Greedy AT&T jacks up early termination fees on smartphones to $325

invisibleSHIELD case for iPadTo their so-called “valued customers,” AT&T has issued — no, not the iPhone tethering they began promising customers in November 2008; let’s not get crazy *cough, class action lawsuit, cough* — an open letter, which follows, verbatim:

May 21, 2010

At AT&T, we work hard every day to provide you with a great wireless experience at competitive prices.

One of the ways we do this is to offer you the industry’s leading wireless handsets below their full retail price when you sign a two-year service agreement. In the event you wish to cancel service before your two-year agreement expires, you agree to pay a prorated early termination fee (ETF) as an alternative way to complete your agreement. Of course, if you prefer not to enter into a term commitment, we offer the same great selection of devices at their full retail price with no term commitment or ETF, as well as prepaid GoPhone options.

We are now making changes that will lower the ETF for many customers who agree to new term commitments, and will increase it for others. Current AT&T wireless customers who are within their two-year consumer service agreement or have an existing enterprise service agreement will see no change to their current terms.

Beginning June 1, 2010, we will reduce the ETF in new and upgrade two-year service agreements for all customers who are buying basic and quick messaging phones. Whether you are new to us or upgrading handsets, the ETF will decrease to $150 from $175, and be reduced by $4 for each month that you remain with us as a customer during the balance of your two-year service agreement. After the term commitment is completed, the ETF will no longer apply.

MacDailyNews Take: Is a lower ETF on devices that nobody wants really a lower ETF?

AT&T continues,

For customers who enter into new two-year service agreements in connection with the purchase of our more advanced, higher end devices, including netbooks and smartphones, the ETF will increase to $325, and be reduced by $10 for each month that you remain with us as a customer during the balance of your two-year service agreement. After that, the ETF will no longer apply.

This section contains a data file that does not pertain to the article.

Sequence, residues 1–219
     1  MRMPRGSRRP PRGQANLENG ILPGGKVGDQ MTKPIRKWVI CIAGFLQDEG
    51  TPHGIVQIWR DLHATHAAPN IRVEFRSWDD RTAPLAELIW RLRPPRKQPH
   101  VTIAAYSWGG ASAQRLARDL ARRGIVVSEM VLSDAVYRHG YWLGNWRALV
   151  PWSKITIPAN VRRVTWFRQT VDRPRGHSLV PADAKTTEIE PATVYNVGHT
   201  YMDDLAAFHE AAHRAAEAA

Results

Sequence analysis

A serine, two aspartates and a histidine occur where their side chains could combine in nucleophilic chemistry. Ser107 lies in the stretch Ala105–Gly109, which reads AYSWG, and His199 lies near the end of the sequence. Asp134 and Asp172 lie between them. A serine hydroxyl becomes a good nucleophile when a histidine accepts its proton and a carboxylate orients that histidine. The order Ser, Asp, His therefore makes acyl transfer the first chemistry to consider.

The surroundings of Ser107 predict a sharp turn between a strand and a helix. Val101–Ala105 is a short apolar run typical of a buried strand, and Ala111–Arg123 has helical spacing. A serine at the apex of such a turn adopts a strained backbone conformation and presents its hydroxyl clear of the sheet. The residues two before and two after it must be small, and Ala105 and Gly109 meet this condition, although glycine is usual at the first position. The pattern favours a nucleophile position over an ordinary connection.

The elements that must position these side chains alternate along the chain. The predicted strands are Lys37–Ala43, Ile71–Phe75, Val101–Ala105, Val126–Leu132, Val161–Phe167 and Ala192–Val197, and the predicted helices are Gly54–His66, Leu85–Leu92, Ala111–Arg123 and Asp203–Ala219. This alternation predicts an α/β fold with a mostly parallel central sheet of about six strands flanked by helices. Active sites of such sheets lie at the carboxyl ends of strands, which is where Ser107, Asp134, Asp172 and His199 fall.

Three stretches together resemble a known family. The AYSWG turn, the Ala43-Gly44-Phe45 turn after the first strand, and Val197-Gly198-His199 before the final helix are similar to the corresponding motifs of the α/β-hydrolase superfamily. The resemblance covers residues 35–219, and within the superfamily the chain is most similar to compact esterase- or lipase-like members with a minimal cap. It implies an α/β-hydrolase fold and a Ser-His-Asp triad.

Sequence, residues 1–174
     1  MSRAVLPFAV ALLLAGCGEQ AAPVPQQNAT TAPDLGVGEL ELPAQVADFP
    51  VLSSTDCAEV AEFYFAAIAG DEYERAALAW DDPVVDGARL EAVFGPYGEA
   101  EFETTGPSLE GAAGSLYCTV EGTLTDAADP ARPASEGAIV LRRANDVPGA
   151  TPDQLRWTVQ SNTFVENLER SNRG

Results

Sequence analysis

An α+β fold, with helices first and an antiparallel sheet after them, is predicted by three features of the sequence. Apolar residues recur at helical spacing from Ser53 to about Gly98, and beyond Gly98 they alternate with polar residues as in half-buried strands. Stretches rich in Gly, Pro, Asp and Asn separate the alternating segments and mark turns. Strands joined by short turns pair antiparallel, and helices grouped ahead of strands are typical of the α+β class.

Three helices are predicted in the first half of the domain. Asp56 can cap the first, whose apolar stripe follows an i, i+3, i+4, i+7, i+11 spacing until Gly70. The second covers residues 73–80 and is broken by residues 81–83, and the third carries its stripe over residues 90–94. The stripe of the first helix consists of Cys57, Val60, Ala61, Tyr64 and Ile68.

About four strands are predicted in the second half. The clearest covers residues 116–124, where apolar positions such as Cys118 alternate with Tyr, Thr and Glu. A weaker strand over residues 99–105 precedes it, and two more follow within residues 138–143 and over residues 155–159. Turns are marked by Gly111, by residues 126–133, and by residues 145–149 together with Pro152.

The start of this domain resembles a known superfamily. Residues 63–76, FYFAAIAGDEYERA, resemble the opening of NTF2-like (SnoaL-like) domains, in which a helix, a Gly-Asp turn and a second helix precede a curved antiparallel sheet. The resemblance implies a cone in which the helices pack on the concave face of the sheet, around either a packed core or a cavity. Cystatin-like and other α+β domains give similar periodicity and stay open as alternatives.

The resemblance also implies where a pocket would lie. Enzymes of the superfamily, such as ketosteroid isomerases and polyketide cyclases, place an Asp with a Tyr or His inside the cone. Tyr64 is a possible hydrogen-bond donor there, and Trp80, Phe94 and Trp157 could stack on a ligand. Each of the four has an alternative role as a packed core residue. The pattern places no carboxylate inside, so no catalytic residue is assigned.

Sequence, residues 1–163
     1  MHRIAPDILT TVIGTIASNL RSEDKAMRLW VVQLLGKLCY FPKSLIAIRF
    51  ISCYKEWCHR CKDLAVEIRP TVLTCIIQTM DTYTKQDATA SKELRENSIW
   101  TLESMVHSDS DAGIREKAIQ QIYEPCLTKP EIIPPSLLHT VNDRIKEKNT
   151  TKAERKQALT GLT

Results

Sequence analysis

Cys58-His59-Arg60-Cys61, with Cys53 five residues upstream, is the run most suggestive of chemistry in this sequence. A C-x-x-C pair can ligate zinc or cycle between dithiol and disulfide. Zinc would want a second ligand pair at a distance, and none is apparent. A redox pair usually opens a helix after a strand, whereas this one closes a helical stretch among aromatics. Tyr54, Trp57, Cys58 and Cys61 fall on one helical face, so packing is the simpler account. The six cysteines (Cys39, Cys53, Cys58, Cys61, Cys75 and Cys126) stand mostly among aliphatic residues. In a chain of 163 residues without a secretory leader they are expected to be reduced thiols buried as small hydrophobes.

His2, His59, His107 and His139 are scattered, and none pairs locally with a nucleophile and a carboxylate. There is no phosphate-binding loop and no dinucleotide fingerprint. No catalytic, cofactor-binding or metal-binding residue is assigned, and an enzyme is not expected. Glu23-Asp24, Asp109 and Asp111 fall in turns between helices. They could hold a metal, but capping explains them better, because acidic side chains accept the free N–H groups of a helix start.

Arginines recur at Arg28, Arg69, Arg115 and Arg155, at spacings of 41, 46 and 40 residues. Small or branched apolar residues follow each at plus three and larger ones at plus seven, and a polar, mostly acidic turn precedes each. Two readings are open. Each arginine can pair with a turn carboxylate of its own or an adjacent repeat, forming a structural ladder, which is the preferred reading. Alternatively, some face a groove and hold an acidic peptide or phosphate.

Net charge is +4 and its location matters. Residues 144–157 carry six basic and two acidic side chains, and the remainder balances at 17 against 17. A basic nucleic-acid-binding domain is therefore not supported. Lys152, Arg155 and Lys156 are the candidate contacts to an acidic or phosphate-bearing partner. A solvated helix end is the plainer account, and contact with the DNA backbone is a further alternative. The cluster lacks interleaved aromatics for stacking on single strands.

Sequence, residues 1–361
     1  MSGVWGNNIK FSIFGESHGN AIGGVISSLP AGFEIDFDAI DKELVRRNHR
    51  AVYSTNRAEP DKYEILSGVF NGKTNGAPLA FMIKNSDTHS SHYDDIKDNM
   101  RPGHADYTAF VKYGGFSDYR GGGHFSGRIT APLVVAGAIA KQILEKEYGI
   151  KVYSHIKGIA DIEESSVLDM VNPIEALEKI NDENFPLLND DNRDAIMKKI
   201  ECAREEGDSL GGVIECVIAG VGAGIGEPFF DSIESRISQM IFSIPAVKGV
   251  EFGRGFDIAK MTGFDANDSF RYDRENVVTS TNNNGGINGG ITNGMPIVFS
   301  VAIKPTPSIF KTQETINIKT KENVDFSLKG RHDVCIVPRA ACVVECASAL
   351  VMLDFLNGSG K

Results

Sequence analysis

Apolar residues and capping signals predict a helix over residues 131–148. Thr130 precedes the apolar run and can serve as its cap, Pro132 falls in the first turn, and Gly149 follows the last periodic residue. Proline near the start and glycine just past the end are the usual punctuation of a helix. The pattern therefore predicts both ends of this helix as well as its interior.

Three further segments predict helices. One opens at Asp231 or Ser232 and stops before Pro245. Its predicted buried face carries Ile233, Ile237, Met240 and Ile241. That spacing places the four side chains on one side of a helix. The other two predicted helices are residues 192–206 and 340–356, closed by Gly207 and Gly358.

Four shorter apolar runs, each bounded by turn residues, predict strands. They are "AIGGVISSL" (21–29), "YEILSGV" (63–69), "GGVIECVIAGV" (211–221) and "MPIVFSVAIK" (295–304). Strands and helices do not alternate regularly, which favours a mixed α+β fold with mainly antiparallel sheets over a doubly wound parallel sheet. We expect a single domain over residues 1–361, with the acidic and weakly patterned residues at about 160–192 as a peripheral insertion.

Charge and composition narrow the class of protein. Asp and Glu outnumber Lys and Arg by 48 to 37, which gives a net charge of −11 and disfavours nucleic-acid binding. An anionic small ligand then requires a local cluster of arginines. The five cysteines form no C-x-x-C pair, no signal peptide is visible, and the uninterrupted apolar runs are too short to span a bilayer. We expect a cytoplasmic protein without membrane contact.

Thank you for being an AT&T customer. We hope you enjoy your AT&T wireless device and service. We appreciate your business and we will continue to work hard to earn it.

Source: AT&T bastages who are now proven to be at least 92.86% as greedy as those fargin iceholes over at Verizon

MacDailyNews Take: Does this mean that there’s a Verizon iPhone coming soon or is this just business as usual?

69 Comments

  1. Here comes Verizon. I’m actually very happy with AT&T;so I’ll probably stick with them. But we had the other signal last week that AT&T;was moving up dates for people to get their subsidized iPhones. This is it!

  2. Well, its not just for iPhone. Have no way to know what this means without a comparison of what the other charge.

    These articles are shit without telling the full story, with detailed cost comparisons.

    Of course, that would take the asswipe journalist a lot of time, and would lessen their hit whore headlines that are so misleading

  3. Where the hell is the damn tethering? I am really pissed off about this. I joined ATT with an iPhone 3GS (awesome device) in December 2009, knowing that tethering would be available by the end of 2009, because ATT promised it. Well 2010 is here, and still no tethering. Apparently in this day and age it has become acceptable in America to lure customers in by lying to them.

    Well, dammit, I don’t think so. ATT can SmyD.

  4. Looks like the iPhone MAY be coming to a Verizon near you.

    Look out, the iPhone sales are going to triple and Android topple!!!

    Why else would they do this? Competition from a rival, that’s why.

  5. Would like that PROMISED iPhone tethering for my iPad soon. I have been looking at some of my other options. Sprint as a 3G/4G mobile WiFi bridge that they offer. Maybe one of those prepaid crap cell phone will offer a tethering option.

    Steve Jobs should just invite their CEO over for a little one on one talk. I know Steve heard the giggles in the audience the last time he talked about this.

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